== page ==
In late 1980, John Lennon released the album that should have been his comeback but instead ended up being his last living contribution to the world of music. Alternating between tracks by Lennon and wife Yoko Ono, Double Fantasy went on to win the 1981 Grammy for Album of the Year and spawn hits like “Watching the Wheels”. In his new book Starting Over, Ken Sharp gathers the major players surrounding the album and presents an engaging oral history of Double Fantasy.

A bulk of Double Fantasy‘s history is shared by those who made the album including producer Jack Douglas and session musicians Hugh McCraken, Earl Slick, and Andy Newmark. Their memories of Lennon are uniform: he was happy, a genius in the studio, as down-to-earth as can be, and very much in love with Ono. Dubbed as ‘a heart play’, DF was a dialogue between lovers, and Lennon insisted that Ono’s tracks be treated as equal to his own.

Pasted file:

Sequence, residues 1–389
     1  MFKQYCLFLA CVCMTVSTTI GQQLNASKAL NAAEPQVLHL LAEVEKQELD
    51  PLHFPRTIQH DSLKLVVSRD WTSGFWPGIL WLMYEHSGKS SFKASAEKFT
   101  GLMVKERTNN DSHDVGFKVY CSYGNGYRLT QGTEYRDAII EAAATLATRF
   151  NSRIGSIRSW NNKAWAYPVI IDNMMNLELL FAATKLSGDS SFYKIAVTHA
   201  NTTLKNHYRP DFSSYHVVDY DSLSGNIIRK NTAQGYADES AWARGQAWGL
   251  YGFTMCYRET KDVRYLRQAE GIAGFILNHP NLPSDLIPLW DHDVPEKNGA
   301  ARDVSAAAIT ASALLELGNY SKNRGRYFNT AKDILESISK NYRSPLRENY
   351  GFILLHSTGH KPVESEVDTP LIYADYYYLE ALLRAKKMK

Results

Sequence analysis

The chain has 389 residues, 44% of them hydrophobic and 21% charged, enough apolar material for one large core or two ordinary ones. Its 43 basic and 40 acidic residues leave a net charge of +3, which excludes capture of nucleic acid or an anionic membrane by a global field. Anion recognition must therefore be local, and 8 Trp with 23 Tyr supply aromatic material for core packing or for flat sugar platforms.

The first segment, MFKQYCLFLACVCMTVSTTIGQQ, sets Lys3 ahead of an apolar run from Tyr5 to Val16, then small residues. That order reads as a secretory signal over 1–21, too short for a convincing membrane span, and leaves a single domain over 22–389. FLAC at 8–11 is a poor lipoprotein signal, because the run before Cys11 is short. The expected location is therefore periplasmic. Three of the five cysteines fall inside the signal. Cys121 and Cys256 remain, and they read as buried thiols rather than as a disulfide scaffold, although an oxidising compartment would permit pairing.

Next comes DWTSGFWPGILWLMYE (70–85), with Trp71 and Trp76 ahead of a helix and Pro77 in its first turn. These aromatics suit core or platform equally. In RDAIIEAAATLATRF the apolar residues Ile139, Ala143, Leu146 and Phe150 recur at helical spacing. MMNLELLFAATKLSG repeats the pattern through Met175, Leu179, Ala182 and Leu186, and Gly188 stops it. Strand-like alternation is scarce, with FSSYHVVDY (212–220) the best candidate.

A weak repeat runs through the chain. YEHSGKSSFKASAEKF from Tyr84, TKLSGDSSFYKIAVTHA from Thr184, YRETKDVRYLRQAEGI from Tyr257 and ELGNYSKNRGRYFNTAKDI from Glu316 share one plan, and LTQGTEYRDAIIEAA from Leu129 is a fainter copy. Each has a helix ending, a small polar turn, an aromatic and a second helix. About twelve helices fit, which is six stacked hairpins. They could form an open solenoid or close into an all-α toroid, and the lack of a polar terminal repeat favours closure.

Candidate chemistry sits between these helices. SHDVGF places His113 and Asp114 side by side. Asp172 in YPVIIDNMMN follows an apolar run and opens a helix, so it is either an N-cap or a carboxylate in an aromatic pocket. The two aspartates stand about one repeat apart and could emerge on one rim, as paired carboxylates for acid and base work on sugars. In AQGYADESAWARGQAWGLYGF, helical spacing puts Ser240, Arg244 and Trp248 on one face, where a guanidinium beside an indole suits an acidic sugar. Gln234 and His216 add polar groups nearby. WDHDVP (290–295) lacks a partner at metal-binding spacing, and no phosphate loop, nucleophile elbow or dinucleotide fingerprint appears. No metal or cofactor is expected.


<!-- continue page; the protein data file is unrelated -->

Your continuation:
While the ins and outs of the album’s creation are interesting and detailed (the chapter “By the Numbers” gives a track-by-track breakdown of the album), it’s the anecdotal recollections and personal connections that hold a reader’s interest and transform Lennon from a mythic, canonized figure to mortal man. At heart, Lennon was just a man in love with craft. “I’ve been a house husband for the last five years and I want to get back to the music.”

Though Lennon often cracked jokes and couldn’t resist a mid-session jam-along to classic artists like Buddy Holly, he had a clear vision and a tendency toward perfectionism. Lennon encouraged his session musicians to be able to capture a final product in only a few takes. He specifically hired musicians that were around his age so that they’d understand his references (he often referred to himself as Elvis Orbison as he was trying to emulate their styles on the record), and tried to keep the writing and recording a secret because he didn’t want to be made a fool in the media.